Like most EPs, there is a catalogue of chief complaints that I hate seeing pop up in the waiting room—vague paresthesias that seem to worsen in the middle of the night, nonsensical grumblings of longstanding malaise. We all know the list: Questionably emergent (or even urgent) ailments that rarely result in a good experience for the patient or the provider.
For a long time, the nonpregnant patient presenting with vaginal bleeding has belonged firmly in that frustrating category. It's a story all too common to our fluorescent-lit halls; a similarly exasperated woman with days and days of bleeding needs “something to be done.” Her OB/GYN has no appointments available for the next seven years or so, and trials of home remedies nearly always culminate in a 2 a.m. ED visit.
We're often at a loss—it's rare that these patients ever need even the simplest of emergency interventions. CBCs and INRs may be drawn as a courtesy or compromise, but they usually serve only to delay the inevitably disappointing discussion. They're not going to be admitted for an emergent hysterectomy, and their gynecologist isn't coming to the bedside in the middle of the night. We send them home with admonitions to follow up, in the hopes that a panicked post-ED call might help find a hole in their doctor's schedule. Often we struggle with therapeutic options, concerned that well-intentioned interventions might result in life-threatening blood clots or other unexpected complications.
There's a better way. Beginning in 2011, the world of OB/GYN began to simplify this wearisome and tedious cycle, starting with a clarification of the very entity with which we're dealing. Confusing terms like menorrhagia, metrorrhagia, and dysfunctional uterine bleeding have all been supplanted by the FIGO classification. (Int J Gynaecol Obstet 2011;113:3.)
The diagnosis for all of these patients is now much more straightforward: abnormal uterine bleeding (AUB). The FIGO system allows for subclassification of AUB, but such specificity is simply not needed in the ED. Previous confusion about irregularity versus heaviness or concern for structural or hormonal abnormalities all falls under the AUB umbrella.
Not only have the terminology and diagnosis been clarified, so has our therapeutic approach. Most clinicians are well aware of the long-recommended first-line therapy for AUB. NSAIDs provide about a 50 percent reduction in bleeding volume with a wide margin of safety and limited downside. (J Gynecol Obstet Hum Reprod 2017;46:613.) Our patients have usually attempted NSAID therapy without success, and this simple intervention is met with a scoff. From what I've seen, many ED providers seem loath to progress to second-line therapy. Indeed, during residency, it was considered heresy to suggest more advanced therapies, lest the patient immediately develop a pulmonary embolism outside of her lawyer's office. Discussions on the EMDocs Facebook page and among my colleagues echo those fears.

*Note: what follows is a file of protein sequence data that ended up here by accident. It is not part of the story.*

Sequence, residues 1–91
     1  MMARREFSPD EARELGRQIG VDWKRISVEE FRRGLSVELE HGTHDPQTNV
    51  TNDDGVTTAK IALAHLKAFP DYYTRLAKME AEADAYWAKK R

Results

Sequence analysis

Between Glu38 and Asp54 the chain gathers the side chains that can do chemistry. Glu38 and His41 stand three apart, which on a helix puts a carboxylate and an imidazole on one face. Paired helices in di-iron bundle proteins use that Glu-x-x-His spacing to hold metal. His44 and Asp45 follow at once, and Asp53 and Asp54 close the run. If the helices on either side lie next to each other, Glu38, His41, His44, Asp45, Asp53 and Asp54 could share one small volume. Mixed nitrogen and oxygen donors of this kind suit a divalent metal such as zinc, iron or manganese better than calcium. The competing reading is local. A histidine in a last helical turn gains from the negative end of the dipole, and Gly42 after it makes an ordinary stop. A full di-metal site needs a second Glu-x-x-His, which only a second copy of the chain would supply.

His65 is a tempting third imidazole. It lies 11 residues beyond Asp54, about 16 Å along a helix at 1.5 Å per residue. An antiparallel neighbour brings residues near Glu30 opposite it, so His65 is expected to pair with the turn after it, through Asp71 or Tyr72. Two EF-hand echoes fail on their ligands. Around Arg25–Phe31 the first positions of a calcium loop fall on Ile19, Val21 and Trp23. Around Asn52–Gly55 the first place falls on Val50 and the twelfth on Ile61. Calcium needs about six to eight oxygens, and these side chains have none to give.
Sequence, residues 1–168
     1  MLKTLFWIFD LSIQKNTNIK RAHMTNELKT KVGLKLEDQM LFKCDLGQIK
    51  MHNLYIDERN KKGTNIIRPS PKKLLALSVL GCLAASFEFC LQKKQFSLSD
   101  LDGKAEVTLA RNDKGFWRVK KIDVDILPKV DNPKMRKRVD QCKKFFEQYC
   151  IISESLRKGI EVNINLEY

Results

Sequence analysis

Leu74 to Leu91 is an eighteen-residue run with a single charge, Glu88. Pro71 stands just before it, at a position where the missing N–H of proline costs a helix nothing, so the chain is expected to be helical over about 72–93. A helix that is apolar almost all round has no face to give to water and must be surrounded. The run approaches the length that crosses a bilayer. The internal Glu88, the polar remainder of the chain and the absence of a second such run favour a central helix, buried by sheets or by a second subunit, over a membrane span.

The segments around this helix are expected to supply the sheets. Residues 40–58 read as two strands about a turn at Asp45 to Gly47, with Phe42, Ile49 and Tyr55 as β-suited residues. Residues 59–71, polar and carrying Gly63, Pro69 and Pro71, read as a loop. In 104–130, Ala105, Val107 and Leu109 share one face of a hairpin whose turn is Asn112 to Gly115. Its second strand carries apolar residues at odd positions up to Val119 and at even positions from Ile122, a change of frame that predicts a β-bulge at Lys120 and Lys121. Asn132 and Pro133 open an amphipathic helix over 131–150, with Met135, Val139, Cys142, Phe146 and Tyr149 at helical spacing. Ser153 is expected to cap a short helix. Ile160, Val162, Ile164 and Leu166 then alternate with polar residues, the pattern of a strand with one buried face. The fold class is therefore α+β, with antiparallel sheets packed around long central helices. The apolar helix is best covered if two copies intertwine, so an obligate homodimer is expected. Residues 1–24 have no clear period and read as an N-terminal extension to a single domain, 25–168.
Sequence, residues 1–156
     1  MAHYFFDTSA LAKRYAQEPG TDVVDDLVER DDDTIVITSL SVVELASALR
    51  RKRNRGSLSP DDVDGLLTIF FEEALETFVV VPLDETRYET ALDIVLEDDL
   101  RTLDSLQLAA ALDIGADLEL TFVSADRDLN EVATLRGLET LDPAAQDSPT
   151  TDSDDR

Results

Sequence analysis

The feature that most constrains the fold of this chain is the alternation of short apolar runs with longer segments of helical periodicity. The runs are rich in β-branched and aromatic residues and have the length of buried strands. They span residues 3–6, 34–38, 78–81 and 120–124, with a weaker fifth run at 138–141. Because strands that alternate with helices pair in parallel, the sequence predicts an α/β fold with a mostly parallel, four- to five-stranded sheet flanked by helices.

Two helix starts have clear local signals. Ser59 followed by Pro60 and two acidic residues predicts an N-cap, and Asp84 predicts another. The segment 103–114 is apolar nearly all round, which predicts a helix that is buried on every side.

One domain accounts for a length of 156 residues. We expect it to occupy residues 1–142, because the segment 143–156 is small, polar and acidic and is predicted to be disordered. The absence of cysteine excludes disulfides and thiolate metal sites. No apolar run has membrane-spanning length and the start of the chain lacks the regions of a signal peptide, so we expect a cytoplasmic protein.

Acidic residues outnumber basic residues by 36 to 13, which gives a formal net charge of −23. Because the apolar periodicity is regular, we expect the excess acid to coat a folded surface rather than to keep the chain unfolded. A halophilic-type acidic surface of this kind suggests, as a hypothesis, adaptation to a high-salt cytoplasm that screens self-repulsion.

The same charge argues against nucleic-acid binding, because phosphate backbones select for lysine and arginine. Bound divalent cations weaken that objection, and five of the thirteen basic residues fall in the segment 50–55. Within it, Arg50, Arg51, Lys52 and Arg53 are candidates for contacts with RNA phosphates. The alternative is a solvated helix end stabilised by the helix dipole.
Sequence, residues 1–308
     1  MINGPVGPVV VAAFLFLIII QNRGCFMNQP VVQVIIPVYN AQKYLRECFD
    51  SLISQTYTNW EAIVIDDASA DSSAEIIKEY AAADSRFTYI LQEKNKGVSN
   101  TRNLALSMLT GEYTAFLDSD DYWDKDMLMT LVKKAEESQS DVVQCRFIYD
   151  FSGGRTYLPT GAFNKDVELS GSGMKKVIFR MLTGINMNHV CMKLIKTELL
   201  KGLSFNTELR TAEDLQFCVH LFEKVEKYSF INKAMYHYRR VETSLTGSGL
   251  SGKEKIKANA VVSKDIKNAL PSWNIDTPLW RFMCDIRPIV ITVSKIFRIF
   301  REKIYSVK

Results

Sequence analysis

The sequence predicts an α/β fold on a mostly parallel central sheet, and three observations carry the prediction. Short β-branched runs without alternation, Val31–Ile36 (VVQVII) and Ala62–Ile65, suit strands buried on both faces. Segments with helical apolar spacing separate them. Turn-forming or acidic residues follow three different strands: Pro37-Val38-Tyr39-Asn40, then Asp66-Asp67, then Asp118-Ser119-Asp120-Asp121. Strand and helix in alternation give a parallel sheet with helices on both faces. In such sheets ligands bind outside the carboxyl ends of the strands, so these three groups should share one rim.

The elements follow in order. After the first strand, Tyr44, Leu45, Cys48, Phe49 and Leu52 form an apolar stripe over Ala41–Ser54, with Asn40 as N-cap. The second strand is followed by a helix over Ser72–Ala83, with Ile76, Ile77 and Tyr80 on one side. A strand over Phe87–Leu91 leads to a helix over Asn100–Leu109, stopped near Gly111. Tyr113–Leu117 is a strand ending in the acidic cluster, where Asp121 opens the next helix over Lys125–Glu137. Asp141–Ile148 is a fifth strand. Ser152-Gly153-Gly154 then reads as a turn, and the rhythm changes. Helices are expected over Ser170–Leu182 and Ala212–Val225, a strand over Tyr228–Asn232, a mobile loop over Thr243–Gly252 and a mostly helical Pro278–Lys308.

Fortunately, the 2013 ACOG Committee Opinion on management of AUB provides guidance and medico-legal support for initiation of more effective therapies from the ED. (Obstet Gynecol 2013;121:891.) The guideline lists several options of various efficacy, but high-dose progestin (medroxyprogesterone acetate, 20 mg tid x 7 days) is perhaps the best compromise between efficacy and safety. It stops bleeding in as much as 76 percent of patients (Obstet Gynecol 2006;108:924) with no evidence of increased venous thromboembolic risk across eight observational studies. (BMJ 2012;345:e4944.) Obviously, caution should be taken and patients counseled, but this literature provides a strong evidence base and justification for emergency physician comfort with progesterone treatment of AUB.
An additional option exists for those uncomfortable with initiating hormonal therapy, and comes in a form more familiar to the practicing emergency physician: tranexamic acid. TXA continues to seep into our management paradigms, with excellent utility in bleeding complaints ranging from massive hemorrhage to piddling epistaxis.
Lysteda, its oral form, was approved in 2009 by the Food and Drug Administration, and multiple randomized trials have demonstrated efficacy at least comparable with oral progestins (Cochrane Database Syst Rev 2000;:CD000249), and large safety reviews have consistently demonstrated no increased rates of VTE or other limiting adverse events. (Int J Womens Health 2012;4:413.) For the patient in whom progestin therapy may be undesired or ineffective, TXA (1.3 g tid x 3-5 days) is another safe and effective treatment.
The literature and guidelines produced by our OB/GYN colleagues have provided an excellent resource for emergency clinicians facing bedside battles in managing abnormal uterine bleeding. These have removed AUB from its place among the most dissatisfying patient encounters, and allow emergency physicians to provide rewarding and effective care with confidence.
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